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Hepatocyte growth factor mimetic protects lateral line hair cells from aminoglycoside exposure.

Uribe PM, Kawas LH, Harding JW, Coffin AB - Front Cell Neurosci (2015)

Bottom Line: We found that a Dihexa concentration of 1 μM confers optimal protection from acute treatment with either ototoxin.Pretreatment with Dihexa does not affect the amount of fluorescently tagged gentamicin that enters hair cells, indicating that Dihexa's protection is likely mediated by intracellular events and not by inhibiting aminoglycoside entry.Our data suggest that Dihexa confers protection of hair cells through an HGF-mediated mechanism and that Dihexa holds clinical potential for mitigating chemical ototoxicity.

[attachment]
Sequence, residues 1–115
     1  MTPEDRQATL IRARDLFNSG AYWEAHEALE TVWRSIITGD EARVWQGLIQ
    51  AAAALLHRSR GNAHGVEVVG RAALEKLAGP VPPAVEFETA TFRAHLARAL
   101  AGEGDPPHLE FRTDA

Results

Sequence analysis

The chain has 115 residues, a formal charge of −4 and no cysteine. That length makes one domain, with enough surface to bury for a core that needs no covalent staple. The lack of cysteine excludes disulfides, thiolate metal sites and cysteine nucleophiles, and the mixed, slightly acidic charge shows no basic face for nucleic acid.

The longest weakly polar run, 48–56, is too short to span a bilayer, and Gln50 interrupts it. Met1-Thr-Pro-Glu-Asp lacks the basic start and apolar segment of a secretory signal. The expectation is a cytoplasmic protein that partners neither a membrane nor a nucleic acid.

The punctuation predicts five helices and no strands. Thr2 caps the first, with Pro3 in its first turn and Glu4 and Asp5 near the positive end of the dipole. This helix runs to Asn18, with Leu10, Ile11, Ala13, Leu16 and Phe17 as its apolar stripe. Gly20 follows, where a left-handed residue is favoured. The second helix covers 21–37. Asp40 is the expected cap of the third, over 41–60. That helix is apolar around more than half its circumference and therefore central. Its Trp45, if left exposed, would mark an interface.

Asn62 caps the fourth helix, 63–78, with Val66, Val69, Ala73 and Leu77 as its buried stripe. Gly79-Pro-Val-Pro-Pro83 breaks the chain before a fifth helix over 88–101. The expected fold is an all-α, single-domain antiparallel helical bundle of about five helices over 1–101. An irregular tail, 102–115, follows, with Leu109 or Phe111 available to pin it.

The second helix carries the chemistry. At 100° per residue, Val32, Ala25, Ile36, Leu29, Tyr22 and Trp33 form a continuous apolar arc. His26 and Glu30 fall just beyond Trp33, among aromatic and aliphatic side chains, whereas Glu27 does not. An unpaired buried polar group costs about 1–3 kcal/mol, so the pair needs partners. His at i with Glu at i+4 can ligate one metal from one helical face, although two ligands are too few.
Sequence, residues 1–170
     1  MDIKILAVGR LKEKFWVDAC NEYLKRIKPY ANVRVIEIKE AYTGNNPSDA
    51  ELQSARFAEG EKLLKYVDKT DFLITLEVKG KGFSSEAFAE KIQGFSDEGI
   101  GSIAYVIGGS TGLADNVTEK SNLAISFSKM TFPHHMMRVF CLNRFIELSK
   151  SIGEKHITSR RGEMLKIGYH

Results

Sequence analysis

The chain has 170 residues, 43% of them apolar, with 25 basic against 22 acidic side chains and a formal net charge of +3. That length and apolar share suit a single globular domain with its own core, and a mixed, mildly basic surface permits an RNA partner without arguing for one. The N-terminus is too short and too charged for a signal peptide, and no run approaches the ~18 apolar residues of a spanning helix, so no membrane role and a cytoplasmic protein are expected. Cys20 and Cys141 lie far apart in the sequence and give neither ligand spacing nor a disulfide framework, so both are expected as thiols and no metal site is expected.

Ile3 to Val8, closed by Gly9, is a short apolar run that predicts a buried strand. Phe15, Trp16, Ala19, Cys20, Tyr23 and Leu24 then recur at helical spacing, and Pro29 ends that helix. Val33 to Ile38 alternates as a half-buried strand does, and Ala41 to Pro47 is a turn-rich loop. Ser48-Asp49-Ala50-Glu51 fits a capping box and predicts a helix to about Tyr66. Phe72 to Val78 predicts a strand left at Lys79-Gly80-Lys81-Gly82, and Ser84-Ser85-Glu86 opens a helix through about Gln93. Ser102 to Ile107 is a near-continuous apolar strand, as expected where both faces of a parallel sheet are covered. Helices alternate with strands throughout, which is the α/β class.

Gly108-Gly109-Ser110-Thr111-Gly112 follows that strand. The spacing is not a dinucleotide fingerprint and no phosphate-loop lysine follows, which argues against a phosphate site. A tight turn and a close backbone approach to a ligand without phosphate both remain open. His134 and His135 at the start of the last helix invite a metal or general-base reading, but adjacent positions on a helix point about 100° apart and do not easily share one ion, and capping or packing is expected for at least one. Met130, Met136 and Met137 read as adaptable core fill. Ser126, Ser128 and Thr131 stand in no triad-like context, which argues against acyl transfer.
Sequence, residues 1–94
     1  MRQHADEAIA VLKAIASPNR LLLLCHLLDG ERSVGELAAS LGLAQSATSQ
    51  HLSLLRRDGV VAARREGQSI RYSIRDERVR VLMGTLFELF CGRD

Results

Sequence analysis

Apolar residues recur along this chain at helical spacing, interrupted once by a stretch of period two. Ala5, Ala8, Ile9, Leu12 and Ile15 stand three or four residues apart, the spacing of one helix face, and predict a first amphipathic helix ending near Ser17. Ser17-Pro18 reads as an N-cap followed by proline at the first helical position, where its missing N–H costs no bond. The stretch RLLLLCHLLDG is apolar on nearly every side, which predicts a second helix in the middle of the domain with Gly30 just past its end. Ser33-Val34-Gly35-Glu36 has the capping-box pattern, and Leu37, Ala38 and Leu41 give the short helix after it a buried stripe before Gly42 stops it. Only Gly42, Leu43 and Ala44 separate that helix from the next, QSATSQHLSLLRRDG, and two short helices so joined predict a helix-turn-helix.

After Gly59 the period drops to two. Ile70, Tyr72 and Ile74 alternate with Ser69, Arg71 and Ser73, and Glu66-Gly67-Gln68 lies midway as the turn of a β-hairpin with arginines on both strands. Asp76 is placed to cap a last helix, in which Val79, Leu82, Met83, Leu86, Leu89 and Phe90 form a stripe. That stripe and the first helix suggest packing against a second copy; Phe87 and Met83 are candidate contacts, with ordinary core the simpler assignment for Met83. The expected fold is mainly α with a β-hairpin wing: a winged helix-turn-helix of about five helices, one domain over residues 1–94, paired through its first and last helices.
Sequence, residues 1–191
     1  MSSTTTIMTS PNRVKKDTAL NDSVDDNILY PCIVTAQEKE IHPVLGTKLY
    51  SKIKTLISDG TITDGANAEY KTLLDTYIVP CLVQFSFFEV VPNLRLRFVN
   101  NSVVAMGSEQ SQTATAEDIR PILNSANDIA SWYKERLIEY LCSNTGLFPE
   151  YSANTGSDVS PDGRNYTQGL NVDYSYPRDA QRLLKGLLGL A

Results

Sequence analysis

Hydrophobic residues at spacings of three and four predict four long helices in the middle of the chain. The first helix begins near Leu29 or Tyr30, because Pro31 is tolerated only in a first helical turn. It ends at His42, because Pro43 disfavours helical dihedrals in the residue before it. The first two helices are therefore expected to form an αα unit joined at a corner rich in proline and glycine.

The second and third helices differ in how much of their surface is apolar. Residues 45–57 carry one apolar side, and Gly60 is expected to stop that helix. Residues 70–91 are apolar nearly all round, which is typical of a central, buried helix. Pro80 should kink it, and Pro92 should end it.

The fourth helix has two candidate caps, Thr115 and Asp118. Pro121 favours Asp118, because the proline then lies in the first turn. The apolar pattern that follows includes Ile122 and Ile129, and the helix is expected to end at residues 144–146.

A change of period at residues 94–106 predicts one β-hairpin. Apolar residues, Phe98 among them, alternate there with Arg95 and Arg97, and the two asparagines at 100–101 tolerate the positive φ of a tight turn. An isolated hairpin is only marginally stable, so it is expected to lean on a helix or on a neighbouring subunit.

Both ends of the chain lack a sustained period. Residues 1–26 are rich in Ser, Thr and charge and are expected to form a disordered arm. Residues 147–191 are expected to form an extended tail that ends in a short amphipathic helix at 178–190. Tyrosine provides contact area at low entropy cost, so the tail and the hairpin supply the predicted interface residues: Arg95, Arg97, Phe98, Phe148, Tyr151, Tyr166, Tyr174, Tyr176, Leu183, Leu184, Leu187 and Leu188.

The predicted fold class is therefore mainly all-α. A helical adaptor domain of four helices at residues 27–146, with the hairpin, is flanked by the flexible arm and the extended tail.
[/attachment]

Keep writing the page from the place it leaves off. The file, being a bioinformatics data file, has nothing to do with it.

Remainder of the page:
View Article: PubMed Central - PubMed

Affiliation: Department of Integrative Physiology and Neuroscience, Washington State University Pullman, WA, USA.

ABSTRACT